Ernie Accorsi remembers the ill will created in 1977 when Baltimore Colts wide receiver Roger Carr stayed out of camp until the week before the season started.
"Players were anonymously sniping at him," said Accorsi, the New York Giants general manager who worked for the Colts back then. "We had a chance to win. We had won two straight division titles. We put him in the game [at Seattle] and his touchdown put the game away.
"He caught a bomb from Bert Jones. I think there were 45 guys hugging him on the field. It lasts until you make a play."
And sometimes it lasts until you're sent away, much like Keyshawn Johnson with the Tampa Bay Buccaneers last week. When coach Jon Gruden finally had his fill of the petulant receiver, the Bucs sent Johnson home to California for the rest of the season to await a new work address.
Distractions are what you make of them. "You overcome those things," Accorsi said. The Bucs overcame theirs by firing the leading receiver on their Super Bowl championship team, causing a national stir.
It became clear in the aftermath that the 4-6 Bucs made the right choice.
"There's some impressionable guys in here," Bucs cornerback Ronde Barber said the next day, "and you can't afford at this point to have a split locker room because of some guy's opinion or some guy's attitude. They made the necessary decision."
Johnson's dissatisfaction with his role in the offense and his criticism of Gruden finally wore some teammates to the bone.
"It wasn't like he was around here being a jerk all the time," safety John Lynch said. "That's not his personality. ... But it just was clear that he didn't want to be here. That affects karma in the locker room. That affects everything."
Curiously, there's been an excess of negativity clinging to wide receivers this season. All of them, it seems, are complaining about something.
If it isn't Keyshawn Johnson, it's Kevin Johnson, who got cut by the Cleveland Browns the previous week even though he led the team in catches. Or San Francisco's Terrell Owens. Or San Diego's David Boston. Or Pittsburgh's Plaxico Burress. Or Indianapolis' Marvin Harrison.
This rash of bad behavior by wide receivers largely comes with the territory. Wide-outs are often loners by choice and self-absorbed by nature.
"If you're the tailback, you're getting the ball," Accorsi said. "As far as getting the ball, [receiver] is the only position it's distributed."
When Accorsi was general manager of the old Cleveland Browns and Bill Belichick was the coach, the team suspended wide receiver Reggie Langhorne in 1991 when he refused to practice. Langhorne, of course, appealed the suspension and was gone the next year.
The Bucs chose not to take Johnson's money, only his place on the field.
"This way, they extracted the problem," said Accorsi, whose team faces the Bucs tomorrow night. "It was a very smooth way of handling it."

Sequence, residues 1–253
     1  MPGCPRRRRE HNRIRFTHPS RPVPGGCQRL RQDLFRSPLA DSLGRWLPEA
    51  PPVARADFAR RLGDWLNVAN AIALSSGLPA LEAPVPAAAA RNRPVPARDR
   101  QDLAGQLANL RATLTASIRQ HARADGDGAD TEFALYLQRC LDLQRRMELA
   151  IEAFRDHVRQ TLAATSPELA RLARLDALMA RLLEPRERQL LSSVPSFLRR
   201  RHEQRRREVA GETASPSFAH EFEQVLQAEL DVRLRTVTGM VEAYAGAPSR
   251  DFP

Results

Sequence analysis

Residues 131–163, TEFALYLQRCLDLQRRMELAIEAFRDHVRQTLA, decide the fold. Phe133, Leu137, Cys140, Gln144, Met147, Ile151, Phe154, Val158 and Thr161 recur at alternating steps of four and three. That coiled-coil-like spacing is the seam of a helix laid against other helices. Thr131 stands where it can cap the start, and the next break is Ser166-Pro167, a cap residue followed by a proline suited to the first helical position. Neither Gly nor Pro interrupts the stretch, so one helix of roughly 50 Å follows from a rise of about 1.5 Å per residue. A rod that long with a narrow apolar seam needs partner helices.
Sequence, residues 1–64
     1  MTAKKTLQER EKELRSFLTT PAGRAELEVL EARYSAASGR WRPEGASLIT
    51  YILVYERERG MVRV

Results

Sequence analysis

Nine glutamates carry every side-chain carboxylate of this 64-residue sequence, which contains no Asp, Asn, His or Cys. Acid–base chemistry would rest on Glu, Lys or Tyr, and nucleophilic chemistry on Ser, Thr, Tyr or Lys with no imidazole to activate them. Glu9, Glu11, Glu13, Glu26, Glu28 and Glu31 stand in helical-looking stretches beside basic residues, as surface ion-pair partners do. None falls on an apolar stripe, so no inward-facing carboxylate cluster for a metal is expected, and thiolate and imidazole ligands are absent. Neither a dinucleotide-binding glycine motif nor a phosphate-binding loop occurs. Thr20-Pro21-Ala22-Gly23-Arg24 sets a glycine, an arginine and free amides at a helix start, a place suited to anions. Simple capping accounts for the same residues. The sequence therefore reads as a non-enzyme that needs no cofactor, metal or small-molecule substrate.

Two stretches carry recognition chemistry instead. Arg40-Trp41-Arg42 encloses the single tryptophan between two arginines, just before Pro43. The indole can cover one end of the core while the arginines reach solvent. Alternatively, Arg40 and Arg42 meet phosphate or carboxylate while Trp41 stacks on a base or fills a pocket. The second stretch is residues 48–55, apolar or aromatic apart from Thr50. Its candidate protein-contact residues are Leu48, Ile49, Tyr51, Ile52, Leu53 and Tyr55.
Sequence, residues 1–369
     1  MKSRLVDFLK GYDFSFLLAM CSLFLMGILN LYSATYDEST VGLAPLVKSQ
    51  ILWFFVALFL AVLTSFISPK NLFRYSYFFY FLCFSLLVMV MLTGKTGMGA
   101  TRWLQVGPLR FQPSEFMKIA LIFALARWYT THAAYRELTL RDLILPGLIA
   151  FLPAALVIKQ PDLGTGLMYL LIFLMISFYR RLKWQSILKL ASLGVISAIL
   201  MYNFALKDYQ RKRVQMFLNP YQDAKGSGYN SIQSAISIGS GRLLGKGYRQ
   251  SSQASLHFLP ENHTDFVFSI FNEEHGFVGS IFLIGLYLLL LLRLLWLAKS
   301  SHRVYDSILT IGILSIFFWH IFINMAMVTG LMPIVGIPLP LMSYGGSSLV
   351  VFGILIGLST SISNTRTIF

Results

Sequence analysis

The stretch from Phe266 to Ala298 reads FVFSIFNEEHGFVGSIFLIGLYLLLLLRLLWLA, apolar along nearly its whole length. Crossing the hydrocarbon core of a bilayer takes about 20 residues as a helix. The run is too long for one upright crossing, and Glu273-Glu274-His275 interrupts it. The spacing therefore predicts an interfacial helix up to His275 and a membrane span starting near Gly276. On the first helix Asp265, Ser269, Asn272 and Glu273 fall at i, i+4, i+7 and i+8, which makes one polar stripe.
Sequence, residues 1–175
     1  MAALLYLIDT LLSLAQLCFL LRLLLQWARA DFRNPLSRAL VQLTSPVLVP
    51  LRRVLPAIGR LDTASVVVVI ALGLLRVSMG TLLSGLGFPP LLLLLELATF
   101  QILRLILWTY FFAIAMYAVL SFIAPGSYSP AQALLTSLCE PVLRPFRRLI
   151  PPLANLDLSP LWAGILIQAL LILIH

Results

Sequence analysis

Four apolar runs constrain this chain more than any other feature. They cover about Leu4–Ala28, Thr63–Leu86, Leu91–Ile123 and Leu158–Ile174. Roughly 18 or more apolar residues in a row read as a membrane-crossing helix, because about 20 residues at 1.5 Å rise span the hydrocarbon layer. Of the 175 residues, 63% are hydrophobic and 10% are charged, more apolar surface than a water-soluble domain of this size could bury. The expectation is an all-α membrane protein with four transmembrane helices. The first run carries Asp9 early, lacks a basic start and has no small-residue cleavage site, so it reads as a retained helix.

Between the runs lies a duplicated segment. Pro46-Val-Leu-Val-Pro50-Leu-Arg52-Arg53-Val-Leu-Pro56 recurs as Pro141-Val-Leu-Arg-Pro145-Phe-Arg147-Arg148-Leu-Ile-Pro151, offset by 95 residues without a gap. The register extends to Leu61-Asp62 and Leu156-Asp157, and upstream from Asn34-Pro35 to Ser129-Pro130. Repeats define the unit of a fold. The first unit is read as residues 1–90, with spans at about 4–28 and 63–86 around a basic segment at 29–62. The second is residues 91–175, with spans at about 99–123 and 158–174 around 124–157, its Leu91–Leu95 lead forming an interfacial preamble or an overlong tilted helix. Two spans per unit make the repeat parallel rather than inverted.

AROUND THE LEAGUE
Tough in crunch time
It's easy to see how second-year coach John Fox has made his imprint on the Carolina Panthers. They're tougher, more disciplined and much better in the fourth quarter.
After going 1-10 in games decided by three points or fewer the past two years, the Panthers are 6-0 in that category this year. That includes three road games won with overtime field goals.
Fox retooled the Carolina defense last year and brought in running back Stephen Davis and quarterback Jake Delhomme for the offense this year. Davis allows the Panthers to dictate to their opponents and Delhomme has demonstrated fourth-quarter poise.
So far it adds up to an 8-2 record going into today's game in Dallas, and the inside track to home-field advantage in the NFC playoffs.
There are some eerie similarities between Kansas City's current season and the Chiefs' last Super Bowl campaign in 1969. Both teams were 9-1 after 10 games. Both teams' lone loss came in Cincinnati by identical 24-19 scores.
And both years, the Chiefs' 11th game brought Oakland to Kansas City. The Raiders won the meeting in 1969, 27-24.
It's also worth noting that the Chiefs beat the Minnesota Vikings in the 1970 Super Bowl, 23-7.
Cleveland Browns cornerback Daylon McCutcheon knows a trend when he sees one. And he knows that he and quarterback Tim Couch are the last two players left on Cleveland's roster from the 1999 draft, when the team returned to the league under coach Chris Palmer.
Barring a restoration of his starting job, Couch almost certainly will be gone next year. Because of a $1.3 million option bonus due in March, McCutcheon wonders if he won't be there as well in the continuing Butch Davis makeover.
"If you look at the way things have been going, everyone from the past is gone," he said. "I just think I've played well, but I think it's naive of me to think I'm the one player they want to stick around here."